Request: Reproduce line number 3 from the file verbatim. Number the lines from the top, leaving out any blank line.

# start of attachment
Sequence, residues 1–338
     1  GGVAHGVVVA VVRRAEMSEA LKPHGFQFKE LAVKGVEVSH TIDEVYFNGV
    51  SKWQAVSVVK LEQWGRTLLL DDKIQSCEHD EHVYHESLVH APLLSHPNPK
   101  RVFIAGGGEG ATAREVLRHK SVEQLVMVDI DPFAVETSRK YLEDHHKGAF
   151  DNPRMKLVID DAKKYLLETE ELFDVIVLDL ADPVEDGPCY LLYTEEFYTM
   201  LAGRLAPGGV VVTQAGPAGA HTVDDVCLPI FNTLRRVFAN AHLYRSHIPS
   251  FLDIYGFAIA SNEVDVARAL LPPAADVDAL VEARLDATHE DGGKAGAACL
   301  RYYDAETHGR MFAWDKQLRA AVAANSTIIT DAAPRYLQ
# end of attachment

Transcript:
    51  SKWQAVSVVK LEQWGRTLLL DDKIQSCEHD EHVYHESLVH APLLSHPNPK